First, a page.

This is evidently so    because every attempt at states and local government creation is usually followed by increased agitations for more.




There are two schools of thoughts that talk about the adoption of a federal system in Nigeria. THE FIRST SCHOOL OF THOUGHT The first school of thought is made up largely of “Marxists”.


They argue that the federal system of government in Nigeria was imposed on the country by Britain. To the proponents of this school, Nigerians did not contribute to the decision of adopting federalism in the country.


To this extent, Dr Uma Eleazu is of the view that the founding fathers of Nigerian federalism that gathered in Ibadan in 1950 did not have a clear intention of what they wanted to achieve and so they did not address core issues and questions such as:

  1. What is the common interest?

  2. How best can the common interest be achieved?

  3. If we need federalism, what do we want to achieve by it?

  4. Is a federal structure the best means of achieving what we want?

  5. If so, what should be the nature and form of the federal structure?


Thus, the British colonial masters, convinced that the Nigerian delegates to the Ibadan Constitutional Conference were not clear in their minds as to what type of political system they wanted, designed what appeared to them would work and euphemistically dubbed it “federalism with unity in diversity.”


The statements of some of our political elites during this period tend to throw more light to the view of the above school of thought. Alhaji Tafawa Balawa seems to have stated the position and concern of Northerners in the midst of the raging controversy and mutual distrust that characterized that era, when he said that Nigeria’s political future may only lie in federalism so far as the rate of regional progress was concerned.


He said: ”… the regions of Nigeria as you are aware have reached different stages of development. Some of them seem to have advanced very much more than the others and they are therefore now naturally asking to be given the opportunity to make very rapid political advance. North is afraid of making this rapid and if I may call it artificial advancement at this stage…”.


The above statement clearly indicates the gradualist pace of the northern drive towards federalism, which was in direct conflict with the interest of the political elites of the other regions. He saw the “rapid political advancement” being advocated by  the other regions different from the North as nothing but “artificial advancement at this stage”. Chief Obafemi Awolowo also observes that Nigeria is not a nation. “It is a mere geographical expression.


There are no ‘Nigerians’ in the same sense as there are ‘English’, ‘Irish’ or ‘French’. The word ‘Nigeria’ is merely a distinctive appellation to distinguish those who live within the boundaries of Nigeria from those who do not”

. … Since 1914, the British government has been trying to make Nigeria into one but the Nigerian people themselves are historically different in their backgrounds, in their religious beliefs and do not show themselves any sign of willingness to unite. Nigerian unity is only a British creation for the country.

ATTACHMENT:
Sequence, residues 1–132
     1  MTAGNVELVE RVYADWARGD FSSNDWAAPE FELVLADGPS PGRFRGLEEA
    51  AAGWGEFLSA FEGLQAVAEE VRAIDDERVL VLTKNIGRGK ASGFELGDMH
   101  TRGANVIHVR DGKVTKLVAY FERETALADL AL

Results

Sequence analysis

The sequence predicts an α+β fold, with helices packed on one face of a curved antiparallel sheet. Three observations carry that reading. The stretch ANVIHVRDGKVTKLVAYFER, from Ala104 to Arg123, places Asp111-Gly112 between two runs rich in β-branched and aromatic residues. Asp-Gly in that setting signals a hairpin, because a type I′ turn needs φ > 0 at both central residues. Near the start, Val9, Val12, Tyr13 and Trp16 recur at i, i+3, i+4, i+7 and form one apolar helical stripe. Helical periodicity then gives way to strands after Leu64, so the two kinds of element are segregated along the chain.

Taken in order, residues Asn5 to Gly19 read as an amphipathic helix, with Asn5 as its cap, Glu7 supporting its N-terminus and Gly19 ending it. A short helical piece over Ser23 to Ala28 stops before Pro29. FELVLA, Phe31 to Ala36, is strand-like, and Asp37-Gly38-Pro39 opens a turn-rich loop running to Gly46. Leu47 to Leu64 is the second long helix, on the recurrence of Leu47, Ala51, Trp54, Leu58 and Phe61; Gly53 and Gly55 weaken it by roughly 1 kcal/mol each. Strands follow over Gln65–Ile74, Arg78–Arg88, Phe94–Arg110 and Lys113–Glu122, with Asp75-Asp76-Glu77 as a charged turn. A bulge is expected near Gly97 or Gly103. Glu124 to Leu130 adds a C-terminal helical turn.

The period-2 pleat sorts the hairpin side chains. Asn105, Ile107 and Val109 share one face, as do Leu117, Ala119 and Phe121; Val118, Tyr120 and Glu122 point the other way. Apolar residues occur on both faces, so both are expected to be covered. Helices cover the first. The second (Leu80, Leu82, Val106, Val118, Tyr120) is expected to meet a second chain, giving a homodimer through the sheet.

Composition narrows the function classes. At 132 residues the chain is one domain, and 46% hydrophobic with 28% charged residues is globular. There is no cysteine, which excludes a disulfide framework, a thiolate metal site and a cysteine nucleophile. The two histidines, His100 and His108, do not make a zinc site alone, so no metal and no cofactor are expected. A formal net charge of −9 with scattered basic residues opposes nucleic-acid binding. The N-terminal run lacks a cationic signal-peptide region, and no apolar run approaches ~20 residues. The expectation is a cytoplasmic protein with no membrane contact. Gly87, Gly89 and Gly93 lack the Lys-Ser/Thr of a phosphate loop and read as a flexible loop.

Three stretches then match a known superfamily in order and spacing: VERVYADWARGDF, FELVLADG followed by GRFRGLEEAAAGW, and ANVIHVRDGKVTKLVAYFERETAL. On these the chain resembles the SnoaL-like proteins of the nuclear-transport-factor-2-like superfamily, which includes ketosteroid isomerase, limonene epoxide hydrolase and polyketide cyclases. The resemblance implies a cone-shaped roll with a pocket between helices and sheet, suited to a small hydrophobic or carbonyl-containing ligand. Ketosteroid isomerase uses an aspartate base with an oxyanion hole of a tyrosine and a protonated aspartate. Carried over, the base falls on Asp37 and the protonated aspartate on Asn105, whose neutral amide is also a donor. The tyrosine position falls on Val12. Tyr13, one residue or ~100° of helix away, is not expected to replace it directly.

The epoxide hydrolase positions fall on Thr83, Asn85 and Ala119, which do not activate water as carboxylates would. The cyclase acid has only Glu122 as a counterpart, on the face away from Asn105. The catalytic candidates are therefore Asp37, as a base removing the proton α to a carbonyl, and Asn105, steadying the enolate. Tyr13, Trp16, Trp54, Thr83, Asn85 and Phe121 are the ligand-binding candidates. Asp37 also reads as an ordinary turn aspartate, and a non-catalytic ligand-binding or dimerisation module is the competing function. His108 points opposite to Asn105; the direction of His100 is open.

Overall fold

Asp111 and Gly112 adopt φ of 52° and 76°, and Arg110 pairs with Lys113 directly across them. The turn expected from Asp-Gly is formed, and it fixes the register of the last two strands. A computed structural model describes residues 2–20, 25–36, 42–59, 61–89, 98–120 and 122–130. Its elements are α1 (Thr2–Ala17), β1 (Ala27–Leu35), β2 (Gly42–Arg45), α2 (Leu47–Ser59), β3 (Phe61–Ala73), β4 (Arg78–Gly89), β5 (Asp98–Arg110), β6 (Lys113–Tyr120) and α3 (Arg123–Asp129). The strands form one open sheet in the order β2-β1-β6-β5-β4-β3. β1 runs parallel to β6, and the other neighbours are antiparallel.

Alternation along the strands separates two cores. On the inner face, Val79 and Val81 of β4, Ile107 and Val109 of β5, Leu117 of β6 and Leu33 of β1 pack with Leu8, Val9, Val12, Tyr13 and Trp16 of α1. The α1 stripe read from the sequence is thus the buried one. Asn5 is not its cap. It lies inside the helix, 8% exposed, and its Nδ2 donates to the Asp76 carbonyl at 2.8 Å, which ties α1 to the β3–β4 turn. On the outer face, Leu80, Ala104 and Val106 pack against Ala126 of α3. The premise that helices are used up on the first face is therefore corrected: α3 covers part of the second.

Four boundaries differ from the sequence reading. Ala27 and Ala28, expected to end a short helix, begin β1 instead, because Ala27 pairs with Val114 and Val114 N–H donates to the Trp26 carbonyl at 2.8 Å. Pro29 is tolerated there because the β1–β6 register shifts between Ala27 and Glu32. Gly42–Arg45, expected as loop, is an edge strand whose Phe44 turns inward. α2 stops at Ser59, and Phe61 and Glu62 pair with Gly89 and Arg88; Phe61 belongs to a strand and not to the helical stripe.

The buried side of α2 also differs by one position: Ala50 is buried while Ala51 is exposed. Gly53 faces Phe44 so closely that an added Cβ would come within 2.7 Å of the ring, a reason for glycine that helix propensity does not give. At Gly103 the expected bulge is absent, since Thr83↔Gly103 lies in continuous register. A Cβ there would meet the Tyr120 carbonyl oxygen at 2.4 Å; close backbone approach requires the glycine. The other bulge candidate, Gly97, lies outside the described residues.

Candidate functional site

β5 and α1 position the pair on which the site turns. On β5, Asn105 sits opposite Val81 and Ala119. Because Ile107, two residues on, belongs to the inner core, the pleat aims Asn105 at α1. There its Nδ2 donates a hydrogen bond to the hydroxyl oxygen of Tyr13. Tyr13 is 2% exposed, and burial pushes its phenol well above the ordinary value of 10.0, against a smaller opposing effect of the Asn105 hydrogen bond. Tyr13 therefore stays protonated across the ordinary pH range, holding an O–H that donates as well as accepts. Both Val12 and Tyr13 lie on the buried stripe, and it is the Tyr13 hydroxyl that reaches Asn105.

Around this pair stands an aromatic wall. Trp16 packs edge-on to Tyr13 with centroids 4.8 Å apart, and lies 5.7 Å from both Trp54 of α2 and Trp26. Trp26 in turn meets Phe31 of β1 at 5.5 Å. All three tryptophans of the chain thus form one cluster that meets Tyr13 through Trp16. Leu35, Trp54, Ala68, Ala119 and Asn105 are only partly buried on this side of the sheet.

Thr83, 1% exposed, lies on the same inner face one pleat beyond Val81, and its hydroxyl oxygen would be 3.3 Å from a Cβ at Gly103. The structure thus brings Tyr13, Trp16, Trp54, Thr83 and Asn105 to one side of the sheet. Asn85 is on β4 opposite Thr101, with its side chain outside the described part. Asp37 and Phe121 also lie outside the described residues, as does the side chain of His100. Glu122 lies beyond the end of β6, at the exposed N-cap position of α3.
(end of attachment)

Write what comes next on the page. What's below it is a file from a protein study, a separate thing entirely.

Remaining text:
The second school of thought argues that federalism was freely chosen by Nigerians.


According to them, the 1950 and 1953/54 Constitutional Conferences preceded the adoption of a federal system of government in Nigeria and Nigerians participated actively in the deliberations that led to the adoption of the Macpherson Constitution in 1951.


The argument that Nigerians participated actively in the deliberations that led to the adoption of federalism in Nigeria however appears not water tight.


Thus, a critical analysis of the views of the above schools of thought would take us to the conclusion that although Nigerians participated in the London Constitutional Conferences of 1950, 1953, 1954 respectively, the British government however played a greater role in establishing the Nigerian federation.


Unlike the federal systems of United States of America and Switzerland which fall under the category of aggregative or coming together federations (which involves the classical method of federation building, in which a federal state is constituted through an agreement or bargain to bring together previously sovereign entities in a new federation, as described by Suberu and Agbaje), the Nigerian federation was established to hold together already existing diverse ethnic groups and nationalities that had been forcibly and arbitrarily incorporated into a unitary colonial state under British imperialism. John P. Mackintosh stated thus:


“The Nigerian federation has always had peculiar features; the most evident being that it was not created by the coming together of separate states but was the result of the subdivision of a country which had in theory been ruled as a single unit”.


This peculiar feature of the Nigerian federation (i.e. being a British creation) is a major problem of consolidation in that it lacks the integrative features associated with “coming together federation”.


It is rather associated with the citizens owning their allegiance to their units or regions rather than to the central government. This is clearly the situation in Nigeria till date. Nigerians owe their allegiance, not to Nigeria as a state, but to their villages and towns unions and associations. (To be continued).




“Federalism should be a meeting point of all groups.” (Khil Raj Regmi